Friday 15th April 2016
Mac Voice, the magazine for Macmillan professionals: Spring 2016
After Macmillan held its first acute oncology conference, Mac Voice spoke to two specialists in this area of care.
More than 250 acute oncology professionals from across the UK filled a Birmingham venue last October to hear speakers on a range of topics, including vague symptom management and integrating acute oncology services within ambulatory care. The conference was run by the NHS England Chemotherapy Clinical Reference Group and Macmillan. Endorsement came from the UK Oncology Nursing Society (UKONS) and the Royal College of Physicians.
‘A much needed forum’
Ernie Marshall, Clinical Director of Chemotherapy at the Clatterbridge Cancer Centre, says: ‘The conference was a huge success and provided a much needed forum to share good practice and highlight innovation.
‘Our vision is to improve patient safety and experience when accessing urgent care in the context of cancer. Acute oncology is the gel that binds site-specific cancer pathways.
‘The evidence base for acute oncology is growing but locked into individual hospitals. In 2016, we aim to define a minimum data set incorporating clinical outcomes, patient experience and service measures. We need a national framework on what constitutes acute oncology for the next five years. We also need joined-up working across disciplines and organisations, especially at the interface of primary and secondary care. Investment in networking services and in core staff will also be important.’
‘Services make a real difference’
Nicky Adams, Macmillan Acute Oncology Nurse Consultant at Walsall Manor Hospital, says: ‘The conference was very good. Sessions discussing the management of diarrhoea and metastatic spinal cord compression were particularly relevant and thought provoking. The posters and innovation shared were of a very high standard.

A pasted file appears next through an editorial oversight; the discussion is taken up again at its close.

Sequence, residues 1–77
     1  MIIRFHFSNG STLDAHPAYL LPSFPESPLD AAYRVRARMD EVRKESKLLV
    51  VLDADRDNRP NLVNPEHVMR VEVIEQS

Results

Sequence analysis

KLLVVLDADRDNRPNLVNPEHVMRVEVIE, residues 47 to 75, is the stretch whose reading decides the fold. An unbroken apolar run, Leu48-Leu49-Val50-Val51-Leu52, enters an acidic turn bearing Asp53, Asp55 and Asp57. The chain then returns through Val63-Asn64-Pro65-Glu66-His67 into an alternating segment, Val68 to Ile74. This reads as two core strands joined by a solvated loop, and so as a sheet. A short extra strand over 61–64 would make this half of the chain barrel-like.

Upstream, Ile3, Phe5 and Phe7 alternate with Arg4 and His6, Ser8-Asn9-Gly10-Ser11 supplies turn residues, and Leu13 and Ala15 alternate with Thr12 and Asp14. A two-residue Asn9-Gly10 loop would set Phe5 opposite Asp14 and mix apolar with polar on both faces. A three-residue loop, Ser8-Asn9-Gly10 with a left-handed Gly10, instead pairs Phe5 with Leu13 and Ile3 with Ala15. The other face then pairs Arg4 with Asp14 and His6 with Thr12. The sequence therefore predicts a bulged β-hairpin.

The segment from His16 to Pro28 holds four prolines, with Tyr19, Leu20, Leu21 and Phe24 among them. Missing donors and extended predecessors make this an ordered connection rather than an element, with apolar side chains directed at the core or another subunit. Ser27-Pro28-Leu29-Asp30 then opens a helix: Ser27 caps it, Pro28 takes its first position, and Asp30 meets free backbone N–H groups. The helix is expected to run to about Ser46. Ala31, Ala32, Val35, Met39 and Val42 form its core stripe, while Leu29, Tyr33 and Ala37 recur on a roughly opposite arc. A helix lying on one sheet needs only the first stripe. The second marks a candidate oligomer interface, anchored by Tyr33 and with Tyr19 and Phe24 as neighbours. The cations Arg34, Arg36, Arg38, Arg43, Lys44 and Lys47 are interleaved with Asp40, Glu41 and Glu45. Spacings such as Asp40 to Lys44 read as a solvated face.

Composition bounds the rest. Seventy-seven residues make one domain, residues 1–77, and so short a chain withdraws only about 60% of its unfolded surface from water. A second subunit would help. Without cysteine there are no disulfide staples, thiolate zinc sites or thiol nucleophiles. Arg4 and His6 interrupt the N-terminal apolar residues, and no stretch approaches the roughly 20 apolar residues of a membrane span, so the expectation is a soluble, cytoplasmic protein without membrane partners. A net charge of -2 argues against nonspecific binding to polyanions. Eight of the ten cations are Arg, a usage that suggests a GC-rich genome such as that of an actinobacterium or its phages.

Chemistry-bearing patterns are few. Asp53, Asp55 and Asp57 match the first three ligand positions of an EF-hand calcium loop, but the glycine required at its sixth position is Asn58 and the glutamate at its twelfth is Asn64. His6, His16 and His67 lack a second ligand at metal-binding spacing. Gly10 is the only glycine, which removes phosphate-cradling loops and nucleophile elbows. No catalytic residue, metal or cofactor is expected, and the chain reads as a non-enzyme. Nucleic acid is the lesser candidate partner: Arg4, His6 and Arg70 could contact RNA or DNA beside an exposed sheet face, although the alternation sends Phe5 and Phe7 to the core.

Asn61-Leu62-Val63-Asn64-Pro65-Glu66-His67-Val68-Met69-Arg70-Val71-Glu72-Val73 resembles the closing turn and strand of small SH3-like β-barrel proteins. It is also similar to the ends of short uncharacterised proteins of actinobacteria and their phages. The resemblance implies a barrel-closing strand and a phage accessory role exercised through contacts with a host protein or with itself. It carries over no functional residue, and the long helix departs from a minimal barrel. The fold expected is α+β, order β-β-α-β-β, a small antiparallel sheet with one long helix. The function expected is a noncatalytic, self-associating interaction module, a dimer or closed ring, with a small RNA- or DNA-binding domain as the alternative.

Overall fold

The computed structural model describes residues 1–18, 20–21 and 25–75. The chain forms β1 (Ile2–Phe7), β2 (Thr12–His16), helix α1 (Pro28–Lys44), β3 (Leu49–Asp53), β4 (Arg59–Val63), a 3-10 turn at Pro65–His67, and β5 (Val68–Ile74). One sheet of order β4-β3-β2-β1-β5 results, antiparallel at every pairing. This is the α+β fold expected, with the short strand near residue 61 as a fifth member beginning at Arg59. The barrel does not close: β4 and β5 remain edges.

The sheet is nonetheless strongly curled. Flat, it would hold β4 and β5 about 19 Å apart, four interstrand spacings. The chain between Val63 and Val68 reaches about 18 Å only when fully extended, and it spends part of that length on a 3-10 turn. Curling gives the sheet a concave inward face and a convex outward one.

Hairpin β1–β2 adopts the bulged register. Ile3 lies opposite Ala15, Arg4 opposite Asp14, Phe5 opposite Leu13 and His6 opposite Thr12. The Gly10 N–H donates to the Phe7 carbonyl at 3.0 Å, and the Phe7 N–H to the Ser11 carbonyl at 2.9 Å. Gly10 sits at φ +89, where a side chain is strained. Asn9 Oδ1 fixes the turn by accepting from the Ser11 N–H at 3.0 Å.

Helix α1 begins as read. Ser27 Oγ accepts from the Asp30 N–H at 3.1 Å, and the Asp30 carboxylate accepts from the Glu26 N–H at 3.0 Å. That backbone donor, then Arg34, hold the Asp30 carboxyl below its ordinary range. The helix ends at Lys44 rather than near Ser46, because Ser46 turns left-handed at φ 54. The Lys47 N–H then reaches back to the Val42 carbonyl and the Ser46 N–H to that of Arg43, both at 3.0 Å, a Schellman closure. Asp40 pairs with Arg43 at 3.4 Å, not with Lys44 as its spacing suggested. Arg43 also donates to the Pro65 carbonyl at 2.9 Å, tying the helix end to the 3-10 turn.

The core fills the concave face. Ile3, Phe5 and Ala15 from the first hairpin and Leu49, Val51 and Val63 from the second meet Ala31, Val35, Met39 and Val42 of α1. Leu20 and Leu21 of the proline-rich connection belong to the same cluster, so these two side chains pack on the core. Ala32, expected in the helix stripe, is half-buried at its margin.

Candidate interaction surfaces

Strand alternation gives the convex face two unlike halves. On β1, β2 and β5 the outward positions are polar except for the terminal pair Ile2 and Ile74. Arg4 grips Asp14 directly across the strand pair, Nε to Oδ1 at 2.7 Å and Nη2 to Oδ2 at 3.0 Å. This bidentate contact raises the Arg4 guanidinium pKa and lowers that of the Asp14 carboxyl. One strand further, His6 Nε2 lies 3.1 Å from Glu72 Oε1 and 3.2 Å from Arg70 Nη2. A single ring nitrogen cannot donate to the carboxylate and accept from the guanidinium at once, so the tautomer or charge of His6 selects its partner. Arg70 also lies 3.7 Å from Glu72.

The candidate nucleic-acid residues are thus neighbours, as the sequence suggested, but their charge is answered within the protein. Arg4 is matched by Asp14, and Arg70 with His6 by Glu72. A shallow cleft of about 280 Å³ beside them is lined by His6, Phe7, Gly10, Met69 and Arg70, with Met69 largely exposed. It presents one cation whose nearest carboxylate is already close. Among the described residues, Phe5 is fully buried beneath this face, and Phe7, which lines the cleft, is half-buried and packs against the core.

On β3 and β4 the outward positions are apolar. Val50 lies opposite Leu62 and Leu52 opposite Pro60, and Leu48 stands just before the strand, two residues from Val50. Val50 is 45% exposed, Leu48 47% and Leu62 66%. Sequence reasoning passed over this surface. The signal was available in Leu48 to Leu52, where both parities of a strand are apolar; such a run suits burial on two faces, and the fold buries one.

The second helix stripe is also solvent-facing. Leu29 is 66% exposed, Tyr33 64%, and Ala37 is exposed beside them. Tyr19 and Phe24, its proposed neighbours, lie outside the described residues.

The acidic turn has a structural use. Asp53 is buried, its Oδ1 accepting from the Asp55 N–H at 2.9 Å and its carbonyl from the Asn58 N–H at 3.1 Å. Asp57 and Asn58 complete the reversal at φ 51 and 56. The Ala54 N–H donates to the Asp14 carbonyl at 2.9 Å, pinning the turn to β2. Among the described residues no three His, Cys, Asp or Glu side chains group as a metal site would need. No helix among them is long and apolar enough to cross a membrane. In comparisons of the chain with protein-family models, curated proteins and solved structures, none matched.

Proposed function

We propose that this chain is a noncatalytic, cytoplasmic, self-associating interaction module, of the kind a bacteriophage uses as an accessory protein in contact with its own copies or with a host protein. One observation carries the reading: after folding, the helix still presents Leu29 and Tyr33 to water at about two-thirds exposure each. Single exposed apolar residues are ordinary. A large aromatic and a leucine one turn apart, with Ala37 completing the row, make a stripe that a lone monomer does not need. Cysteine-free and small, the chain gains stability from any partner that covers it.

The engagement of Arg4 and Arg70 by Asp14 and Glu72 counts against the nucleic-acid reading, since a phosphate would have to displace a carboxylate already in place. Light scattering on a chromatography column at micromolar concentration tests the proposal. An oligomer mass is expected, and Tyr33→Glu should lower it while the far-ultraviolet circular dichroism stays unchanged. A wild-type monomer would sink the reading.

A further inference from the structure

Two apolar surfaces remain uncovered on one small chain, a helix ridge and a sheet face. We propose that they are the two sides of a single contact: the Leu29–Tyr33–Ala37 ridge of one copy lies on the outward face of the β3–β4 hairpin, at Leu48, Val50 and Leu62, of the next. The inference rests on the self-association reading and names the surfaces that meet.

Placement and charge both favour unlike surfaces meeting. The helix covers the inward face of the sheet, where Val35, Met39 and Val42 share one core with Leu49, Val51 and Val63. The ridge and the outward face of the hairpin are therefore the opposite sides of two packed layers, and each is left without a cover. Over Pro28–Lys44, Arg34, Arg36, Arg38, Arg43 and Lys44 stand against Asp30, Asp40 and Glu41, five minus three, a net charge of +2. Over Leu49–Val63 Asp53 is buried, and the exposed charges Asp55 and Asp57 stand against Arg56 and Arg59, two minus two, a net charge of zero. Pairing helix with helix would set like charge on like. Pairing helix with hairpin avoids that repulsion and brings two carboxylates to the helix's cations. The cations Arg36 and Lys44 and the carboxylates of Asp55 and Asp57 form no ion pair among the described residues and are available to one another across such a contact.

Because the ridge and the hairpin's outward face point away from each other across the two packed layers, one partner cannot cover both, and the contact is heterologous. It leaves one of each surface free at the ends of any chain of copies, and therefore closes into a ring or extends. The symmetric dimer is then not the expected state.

‘The acute oncology service at Walsall has been running five days a week since June 2011. In the last six months the service has seen 230 patients and 89% of these were seen within 24 hours of admission. We are now negotiating to extend the service to seven days a week. This fits with the priority for local services and aligns with the vision for the NHS.
‘By working alongside emergency departments and medical teams, acute oncology services make a real difference to both professionals and people living with cancer. Services can influence earlier discharge, while reducing inappropriate investigations and hospital stay. In our hospital, the length of stays for acute oncology is 4.2 days against what was once 12.6 days for emergency cancer patients. We can also show that we can avoid admission through timely specialist input.’
Email Ernie Marshall or Nicky Adams.